- Sarah Reijonen
'Those moments that remind you you’re alive'
“My English is not so good,” he said.
“No, you’re doing great,” I encouraged as our Uber driver shuttled Spank and I back to our hostel just outside of Jackson Hole—it was the only place we could afford to stay for three nights in the luxury, outdoor destination and it was still $160 a night for a private room. But hey, the hotels all around us at Teton Village we’re upwards of $600 a nights, so we felt pretty good about our lodging choices. Overall, we road tripped for two weeks through Montana, Wyoming and Idaho and stayed 50-50 in Airbnb's/hotels and our trusty tent.
Back to our Uber ride. Our driver, who hailed from Mexico, shared some dreams with us, like his dream of seeing the Aurora Borealis. He attempted to explain his desire, but instead had to resort to his translator app.
What he was trying to express was the awe he had in the Aurora—not to boast that he had seen it, but because it was a “free privilege” available for all to see. What a stark contrast to this town of pomp and luxury, where you can’t buy a 500-square-foot cabin for less than a million dollars.
“Many people want a nice house or money or car,” our driver said in his blue-stripe American flag shirt. But he desired what couldn’t be bought, and I understood him completely.
Again, he tried to really express this, but instead spoke into his phone, which promptly wrote out:
“Those moments that remind you that you’re alive.”
I breathed in that phrase like a fresh breeze blowing through a smoke-filed valley floor.
He reminded me why I love travel so much—it reminds me that I’m alive. He couldn’t have put it more eloquently. After a year like 2020, we must not take for granted these moments, these life-breathing moments. I’m not just talking about seeing the Northern Lights or the majestic Tetons that we gazed upon in the last week, but those small moments. Meaningful conversations with a stranger. The freedom to hike in the woods and bathe in creeks. The freedom to camp alongside a river and fish to your heart’s content with a moose munching grass in the distance (OK, so maybe you can only do all this in certain states, such as Idaho, which I now concede is the freest of the 50 states. So far, it has also been devoid of bums and litter, so there’s also that. Just sayin’.)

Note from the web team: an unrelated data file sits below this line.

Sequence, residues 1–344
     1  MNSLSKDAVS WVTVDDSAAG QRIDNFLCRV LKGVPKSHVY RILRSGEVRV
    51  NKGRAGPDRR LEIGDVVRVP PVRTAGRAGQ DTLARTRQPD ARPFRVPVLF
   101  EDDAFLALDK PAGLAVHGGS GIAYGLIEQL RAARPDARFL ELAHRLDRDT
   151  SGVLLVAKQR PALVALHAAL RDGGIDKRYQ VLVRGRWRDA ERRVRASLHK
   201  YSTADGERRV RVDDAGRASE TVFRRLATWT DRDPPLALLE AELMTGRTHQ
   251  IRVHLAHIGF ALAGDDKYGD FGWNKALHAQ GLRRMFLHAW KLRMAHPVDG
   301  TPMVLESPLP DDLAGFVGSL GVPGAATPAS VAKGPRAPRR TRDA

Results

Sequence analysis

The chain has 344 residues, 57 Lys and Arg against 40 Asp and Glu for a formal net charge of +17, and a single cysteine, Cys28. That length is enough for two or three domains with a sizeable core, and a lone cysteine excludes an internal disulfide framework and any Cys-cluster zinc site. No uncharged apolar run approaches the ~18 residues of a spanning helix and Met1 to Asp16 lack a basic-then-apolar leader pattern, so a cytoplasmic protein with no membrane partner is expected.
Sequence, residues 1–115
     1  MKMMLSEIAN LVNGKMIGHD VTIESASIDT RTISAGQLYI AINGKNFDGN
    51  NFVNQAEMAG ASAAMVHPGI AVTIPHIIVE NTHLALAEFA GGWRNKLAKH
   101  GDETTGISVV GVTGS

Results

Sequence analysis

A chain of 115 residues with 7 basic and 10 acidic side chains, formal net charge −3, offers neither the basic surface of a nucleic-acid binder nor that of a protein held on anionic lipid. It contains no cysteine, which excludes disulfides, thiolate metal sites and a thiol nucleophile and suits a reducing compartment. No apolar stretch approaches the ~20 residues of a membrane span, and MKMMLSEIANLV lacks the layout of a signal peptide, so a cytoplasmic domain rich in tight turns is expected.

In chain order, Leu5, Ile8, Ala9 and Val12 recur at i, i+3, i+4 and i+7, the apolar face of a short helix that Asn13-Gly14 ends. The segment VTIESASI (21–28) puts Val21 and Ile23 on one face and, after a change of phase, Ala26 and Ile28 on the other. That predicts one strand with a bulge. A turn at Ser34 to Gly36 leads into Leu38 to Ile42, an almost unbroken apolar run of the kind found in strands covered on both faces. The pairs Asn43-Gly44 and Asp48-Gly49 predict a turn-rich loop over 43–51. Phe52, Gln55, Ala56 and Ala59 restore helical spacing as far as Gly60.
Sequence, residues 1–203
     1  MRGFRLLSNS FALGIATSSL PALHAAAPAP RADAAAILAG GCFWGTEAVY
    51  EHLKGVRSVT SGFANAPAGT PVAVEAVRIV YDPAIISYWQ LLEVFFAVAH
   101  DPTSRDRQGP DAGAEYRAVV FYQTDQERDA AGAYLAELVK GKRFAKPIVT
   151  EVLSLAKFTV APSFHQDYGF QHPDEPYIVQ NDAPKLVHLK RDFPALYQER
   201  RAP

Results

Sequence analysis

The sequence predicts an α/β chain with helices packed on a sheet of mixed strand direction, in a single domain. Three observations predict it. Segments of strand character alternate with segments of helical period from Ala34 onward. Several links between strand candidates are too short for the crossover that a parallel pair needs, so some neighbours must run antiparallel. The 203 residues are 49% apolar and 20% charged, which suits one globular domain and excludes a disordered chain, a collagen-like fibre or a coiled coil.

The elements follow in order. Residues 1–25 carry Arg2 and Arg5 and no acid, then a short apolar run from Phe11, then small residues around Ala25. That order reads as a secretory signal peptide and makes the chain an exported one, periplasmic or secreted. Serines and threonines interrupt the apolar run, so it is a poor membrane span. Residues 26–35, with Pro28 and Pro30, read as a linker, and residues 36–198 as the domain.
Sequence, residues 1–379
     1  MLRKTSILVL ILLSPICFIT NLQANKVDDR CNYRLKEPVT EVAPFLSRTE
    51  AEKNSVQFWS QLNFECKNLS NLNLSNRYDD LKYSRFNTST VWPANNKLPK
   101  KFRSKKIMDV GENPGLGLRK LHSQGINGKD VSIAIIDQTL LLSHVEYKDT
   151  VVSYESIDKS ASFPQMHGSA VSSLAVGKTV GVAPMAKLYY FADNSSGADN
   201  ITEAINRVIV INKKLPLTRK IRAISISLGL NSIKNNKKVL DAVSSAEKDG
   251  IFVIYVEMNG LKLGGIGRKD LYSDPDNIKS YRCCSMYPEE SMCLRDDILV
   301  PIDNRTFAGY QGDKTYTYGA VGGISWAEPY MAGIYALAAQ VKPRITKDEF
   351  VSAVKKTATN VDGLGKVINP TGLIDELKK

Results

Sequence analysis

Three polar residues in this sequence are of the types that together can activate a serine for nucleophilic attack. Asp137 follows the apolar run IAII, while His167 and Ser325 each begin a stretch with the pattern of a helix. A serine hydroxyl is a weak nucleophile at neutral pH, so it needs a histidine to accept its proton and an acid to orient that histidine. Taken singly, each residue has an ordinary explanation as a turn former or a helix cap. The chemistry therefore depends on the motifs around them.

It is my privilege to be on this planet; not only that, but it is my privilege to live in the Land of the Free and Home of the Brave—God’s county—and I don’t ever want to take that for granted.
Spanky expounded on this a bit as we hiked 10 miles with 1,700 feet in elevation gain to Sawtooth Lake in Idaho nearly a week later.
“Nature is the great equalizer,” he said. He gets real philosophical when he walks for long periods (or maybe it was the lower oxygen level at 8,300 feet—who knows).
But, he’s completely right. When you’re on the trail, you’re just as good as the guy hiking next to you in his Sportiva boots and Patagonia head-to-toe get up. You might even be wearing flip flops, but if you have the give-a-damn and drive and endurance (depending on the outing), it doesn’t matter one bit. You get the same picturesque lake view as Jeff Bezos. You have the same opportunity to do things that remind you you're alive. That’s what nature and the ambition for adventure have to offer. You need only to take the opportunities: To hike it. To do it. To risk it. To dream that dream and lie wide-eyed under the Aurora.